San Francisco

Rob Craigie

With “Sublime Air Clot,” 1993, an installation of ten sculptural wall ensembles that hold various fluids, foods, and gases percolating through a system of laborataory jars, surgical tubes, and beeswax replicas of such objects as basketballs and aortalike heart valves, Rob Craigie achieves a brilliant synthesis of energy and entropy, effectively blurring the distinction between open and closed systems.

As metaphors for the body and its functions—including digestion, elimination, and even memory storage (or loss)—Craigie’s sculptures generate energy as a by-product of entropy. A drying “potato heart” sits in a specimen jar, emitting gases through a plastic tube into the air; a jar of water, heated by gallery lights, pushes warm air through a parallel series of tubes into seven successive jars filled with gurgling cherry (blood-red) Kool-Aid; or 60 beeswax basketballs with tinted Pyrex “windows” set into their faces are arranged on a grid of metal shelving, absorbing a waxy luminous light while projecting a comical blank stare.

These systems are either emitting waste, recycling waste into energy (as motion), or simply remaining stagnant. This “performance” of natural phenomena (much ado about nothing) underscores the deadpan quality of Craigie’s ensembles, a quality evident in the artist’s almost obsessive commitment to precision in the service of nonsense—a kind of pragmatic Dada. That precision/obsession is perhaps best exemplified in the artist’s notation of the constituent elements—the “units”—of his works, either on neat little name-tags hung around the necks of jars (as puns on title-tags for paintings) or in the printed “inventories” that accompany each sculpture. Scan an inventory, and you may read such entries as “Small Green Kool-Aid Organism with Teeth,” “Dead Fly Buried in Chromium Green Pigment,” or “Interior Beeswax with Sucking Tube.”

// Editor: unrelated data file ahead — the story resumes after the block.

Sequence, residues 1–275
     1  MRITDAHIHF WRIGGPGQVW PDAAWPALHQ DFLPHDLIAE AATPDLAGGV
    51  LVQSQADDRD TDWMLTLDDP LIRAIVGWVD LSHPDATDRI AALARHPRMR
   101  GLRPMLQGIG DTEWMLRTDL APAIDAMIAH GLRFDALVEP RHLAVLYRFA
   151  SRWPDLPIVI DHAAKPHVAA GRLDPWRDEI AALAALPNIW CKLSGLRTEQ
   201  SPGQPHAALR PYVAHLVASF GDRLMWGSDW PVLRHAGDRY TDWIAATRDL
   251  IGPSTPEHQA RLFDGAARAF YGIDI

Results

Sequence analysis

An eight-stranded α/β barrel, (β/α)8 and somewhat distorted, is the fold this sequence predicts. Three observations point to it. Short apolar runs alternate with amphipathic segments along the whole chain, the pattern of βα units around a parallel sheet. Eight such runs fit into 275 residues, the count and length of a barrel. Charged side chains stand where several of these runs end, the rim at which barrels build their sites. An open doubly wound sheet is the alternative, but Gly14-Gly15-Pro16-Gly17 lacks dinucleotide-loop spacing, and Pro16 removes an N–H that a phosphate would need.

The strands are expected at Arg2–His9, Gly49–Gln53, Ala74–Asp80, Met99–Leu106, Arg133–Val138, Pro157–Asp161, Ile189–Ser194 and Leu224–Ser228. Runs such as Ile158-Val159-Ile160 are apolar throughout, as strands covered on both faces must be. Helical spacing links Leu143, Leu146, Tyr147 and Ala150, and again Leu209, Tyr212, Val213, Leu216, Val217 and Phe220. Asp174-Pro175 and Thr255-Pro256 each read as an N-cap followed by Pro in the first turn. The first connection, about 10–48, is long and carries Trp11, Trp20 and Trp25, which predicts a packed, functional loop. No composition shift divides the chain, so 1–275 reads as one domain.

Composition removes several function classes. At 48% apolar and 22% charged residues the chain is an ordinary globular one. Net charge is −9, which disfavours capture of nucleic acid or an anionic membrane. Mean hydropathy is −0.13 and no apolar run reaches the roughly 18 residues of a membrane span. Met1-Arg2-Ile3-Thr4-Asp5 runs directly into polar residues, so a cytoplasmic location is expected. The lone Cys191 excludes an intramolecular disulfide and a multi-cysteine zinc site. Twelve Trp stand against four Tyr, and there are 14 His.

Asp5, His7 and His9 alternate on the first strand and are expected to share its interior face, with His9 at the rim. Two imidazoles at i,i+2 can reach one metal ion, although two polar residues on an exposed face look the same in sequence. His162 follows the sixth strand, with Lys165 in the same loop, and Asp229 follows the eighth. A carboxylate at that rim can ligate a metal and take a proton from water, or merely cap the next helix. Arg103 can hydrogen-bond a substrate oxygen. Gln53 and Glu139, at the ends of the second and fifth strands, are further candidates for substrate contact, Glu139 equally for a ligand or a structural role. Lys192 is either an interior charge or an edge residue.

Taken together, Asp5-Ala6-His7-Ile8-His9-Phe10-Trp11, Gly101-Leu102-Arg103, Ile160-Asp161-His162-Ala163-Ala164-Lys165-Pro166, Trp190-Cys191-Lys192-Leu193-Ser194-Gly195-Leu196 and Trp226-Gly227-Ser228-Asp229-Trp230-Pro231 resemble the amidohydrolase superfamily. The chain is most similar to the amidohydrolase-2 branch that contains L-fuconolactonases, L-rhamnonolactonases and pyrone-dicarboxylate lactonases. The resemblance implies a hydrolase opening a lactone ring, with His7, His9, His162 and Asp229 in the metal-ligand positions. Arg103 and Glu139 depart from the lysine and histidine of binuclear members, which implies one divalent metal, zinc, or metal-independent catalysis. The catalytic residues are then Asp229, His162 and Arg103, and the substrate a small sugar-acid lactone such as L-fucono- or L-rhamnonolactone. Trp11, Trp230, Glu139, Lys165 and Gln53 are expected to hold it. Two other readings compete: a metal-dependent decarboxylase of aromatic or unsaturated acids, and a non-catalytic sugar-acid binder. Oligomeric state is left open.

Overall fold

A kind of parallel concrete poetry, these straight-faced descriptions are very important to Craigie. They chart in the language of pseudoscience the course of his intuition as it invents systems designed to sustain it. Like an artist, he throws a fly in the ointment here and there (in one work, a “male Hawaii yearbook photograph” dissolves in water). But it’s the capacity of his ensembles to define the terms of their own performance, to be what they do, that constitutes their poetics. In this reduction of subject and object to a mode of performance, Craigie’s sculpture recalls the infamous “theater” of ’60s Minimalism. What Craigie adds is an alchemical absurdity that signifies the energy and entropy of the creative process and the systems with which we rationalize and subdivide it.

As potatoes grow inside of plaster, as photographs dissolve, and as the sweet residue of Kool-Aid clots the inside of surgical tubing, these sculptures will continue to change. At this stage in his career (which is just beginning), Craigie seems to be experimenting with what happens when the contents of art are trapped in its forms. The performative flow or stagnation of his systems are metaphors of the idea—perhaps the spirit—of meaning and substance in art, and the containers, connecting tubes, organisms, and artifacts that either breathe or die on the shelf remind us of our capacity as artists both to liberate and to suffocate that spirit.

Jeff Kelley